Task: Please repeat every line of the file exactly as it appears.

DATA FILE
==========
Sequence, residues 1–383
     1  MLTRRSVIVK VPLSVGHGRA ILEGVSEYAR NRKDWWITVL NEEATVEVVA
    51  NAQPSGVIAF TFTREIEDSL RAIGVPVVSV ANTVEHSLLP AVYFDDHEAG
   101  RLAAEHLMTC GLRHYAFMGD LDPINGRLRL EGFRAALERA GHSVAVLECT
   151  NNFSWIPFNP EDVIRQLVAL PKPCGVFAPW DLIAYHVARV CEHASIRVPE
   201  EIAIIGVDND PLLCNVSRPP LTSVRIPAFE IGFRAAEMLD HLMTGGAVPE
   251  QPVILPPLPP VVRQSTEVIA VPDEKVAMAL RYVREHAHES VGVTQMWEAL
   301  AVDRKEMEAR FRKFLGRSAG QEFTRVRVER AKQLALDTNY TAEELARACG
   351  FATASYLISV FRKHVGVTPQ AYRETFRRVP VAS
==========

Sequence, residues 1–383
     1  MLTRRSVIVK VPLSVGHGRA ILEGVSEYAR NRKDWWITVL NEEATVEVVA
    51  NAQPSGVIAF TFTREIEDSL RAIGVPVVSV ANTVEHSLLP AVYFDDHEAG
   101  RLAAEHLMTC GLRHYAFMGD LDPINGRLRL EGFRAALERA GHSVAVLECT
   151  NNFSWIPFNP EDVIRQLVAL PKPCGVFAPW DLIAYHVARV CEHASIRVPE
   201  EIAIIGVDND PLLCNVSRPP LTSVRIPAFE IGFRAAEMLD HLMTGGAVPE
   251  QPVILPPLPP VVRQSTEVIA VPDEKVAMAL RYVREHAHES VGVTQMWEAL
   301  AVDRKEMEAR FRKFLGRSAG QEFTRVRVER AKQLALDTNY TAEELARACG
   351  FATASYLISV FRKHVGVTPQ AYRETFRRVP VAS